Righteous riffs

Colophon: Nov. 15-18

When my Wired Magazine comes in the mail each month, I immediately flip to the back to the Colophon, where the parties responsible list the sacred little things that helped them lug that issue to press (a wonderful reminder that the end result’s best stories reside in all that comes before ….)

Saturday mornings being a perfect time for caffeinated reflection, here’s what got me through the cold, gray week, in no particular order … 

  • popping a new CD in my car player for, like, the first time in years. Last month WQED-FM was offering as a thank-you gift a collection of music from the Mr. Rogers show. Climbing in the car and peeling the protective cellophane like unwrapping a present before I turn the key. Soundtracking a new week’s commute with Fred singing over Johnny Costa’s dancing fingers … making Monday feel like a Tuesday. 
  • staring out my downstairs morning window and watching a trio of cemetery deer give each other baths. Karry, who keeps track of such things, pointing out that they are three generations, a Mom and babies from different seasons. It’s genuinely the loveliest thing. They take turns. The one standing in the middle alternates between the one on her right and her left, who stand patient and still.  In my reverie, thinking of Joni Mitchell singing, “I want to shampoo you. I want to renew you again and again.” Nature and Joni reminding us to take good care of each other.
  • standing in line for soup at the coffee shop down the road and eavesdropping on the two young men in front of me, the one talking about the slasher screen play he’s currently working on. Hot chicken gnocchi soup on a cold, gray day. 
  • breakfast for dinner Wednesday night … Emma crisping the bacon perfect
  • first to the kitchen in the morning, the cats trailing behind, Roman, he of the greater appetite, barking hangry, and the scripted routine of them tussling, Viktor ending it (as always) by biting his little brother’s ear, as I crack open their tiny morning can and split it between them … making sure Viktor gets a little bit more, knowing that Roman will lick up all the leftovers.
  • hustling to the Mall Thursday night, for their annual holiday ‘parade,’ which was forced indoors by the cold … the melancholy of seeing an abandoned mall still decorated as if….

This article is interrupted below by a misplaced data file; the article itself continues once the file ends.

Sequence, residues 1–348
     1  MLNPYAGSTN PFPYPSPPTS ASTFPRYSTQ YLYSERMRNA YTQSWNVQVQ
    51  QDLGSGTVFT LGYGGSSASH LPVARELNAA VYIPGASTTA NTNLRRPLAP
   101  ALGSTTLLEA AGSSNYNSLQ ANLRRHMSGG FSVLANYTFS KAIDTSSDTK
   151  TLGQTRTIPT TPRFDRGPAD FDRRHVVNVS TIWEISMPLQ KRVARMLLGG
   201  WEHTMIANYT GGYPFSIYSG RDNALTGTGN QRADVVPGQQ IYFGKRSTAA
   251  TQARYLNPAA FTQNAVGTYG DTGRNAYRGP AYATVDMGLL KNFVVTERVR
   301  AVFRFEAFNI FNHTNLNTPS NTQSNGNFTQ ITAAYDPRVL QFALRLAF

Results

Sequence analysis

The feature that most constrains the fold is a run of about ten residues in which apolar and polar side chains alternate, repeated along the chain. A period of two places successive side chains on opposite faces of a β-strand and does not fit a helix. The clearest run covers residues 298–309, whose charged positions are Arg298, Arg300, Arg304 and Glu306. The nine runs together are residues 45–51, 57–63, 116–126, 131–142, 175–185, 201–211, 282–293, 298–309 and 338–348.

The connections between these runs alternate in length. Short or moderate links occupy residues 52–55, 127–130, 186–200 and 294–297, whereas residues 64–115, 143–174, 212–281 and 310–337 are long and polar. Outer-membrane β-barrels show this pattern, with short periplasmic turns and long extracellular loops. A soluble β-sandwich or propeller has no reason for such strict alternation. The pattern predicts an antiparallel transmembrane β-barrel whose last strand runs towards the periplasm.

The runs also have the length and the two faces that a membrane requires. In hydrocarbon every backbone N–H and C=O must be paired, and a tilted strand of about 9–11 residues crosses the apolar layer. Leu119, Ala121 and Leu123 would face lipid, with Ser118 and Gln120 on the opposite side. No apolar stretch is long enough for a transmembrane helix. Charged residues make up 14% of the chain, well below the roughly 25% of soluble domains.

• the incongruity of the setting melting when Emma brings out her tap board, places it on the slippery surface, and proceeds to throw down … a routine she choreographed herself, a practiced improvisation, me mesmerized by her flying feet and the board beneath, praying it doesn’t slip from under her, it doesn’t, she won’t let it, wow, and, as with all good stuff, over before you know it …. 
  • walking into Appleby’s (always an anthropological expedition) afterwards with Karry, and her picking up on the true meaning of the eff-bombing, outdoor-smoking dude’s comment to his colleague, “I don’t trust it until I wake up the next morning.” As we take our seats, Karry interpreting for me, “He’s talking about his weed.” Grateful for my co-pilot who has always caught the much that I miss.
  • the annual office Thanksgiving pot-luck, crock pot nirvana, me missing most of it on a call, but second-hand smoking the music of reverberating laughter
  • season 6, episode 20 of Murder She Wrote with Karry in her recliner, Emma in her chair, me wrongly guessing first the sister, then the daughter and Jessica sewing it all up, coaxing the confession from the culprit — the jilted ex (of course), before the episode ends with a classic ‘mid-laugh’ freeze. 

And … scene.


Fathers and Sons

Weekend Plans (1981)

“Knicks are on tonight, if you want to watch …? 


“Can we get some snacks?”

Gladly, gleefully he’d procure the elements 

while out on his Saturday errands

He maintained an eleven-year-old’s taste buds at fifty-three, 

and well into overtime.

Maybe Hot Fries, Flings, always Pepsi (always),

peanuts and maybe a Three Musketeers (or two) for himself

Pre-game I’d stretch for the tall glasses

from our kitchen’s 70’s green metal cabinets, 

fill with ice and slow-open the two-liter, 

drawing out the hisssssss like a long fuse

At eight we were ready for warmups, tuning in WOR-Channel 12

to hear Marv Albert’s gravelly 

“Welcome to Madison Square Garden, where the Knicks take on the ….”

How I loved hearing the starting lineups, 

how they saved each team’s best for last,

the stars of the show

For the jump ball we’d take our positions on the floor, 

he in front of his chair, 

me in front of the couch 

I’d fish the bag of Hot Fries for the reddest ones,

chase with gulps of Pepsi, letting 

the cubes rest against my lips, relieving,

and the crumbs coat my fingers spicy for licking 

Wet and stick my suction cup hoop to the beam

at the bottom of the steps, and role play along …

foul shots like Campy, who’d take the ball 

all the way back behind his head before catapulting it, 

and Big Bill Cartwright,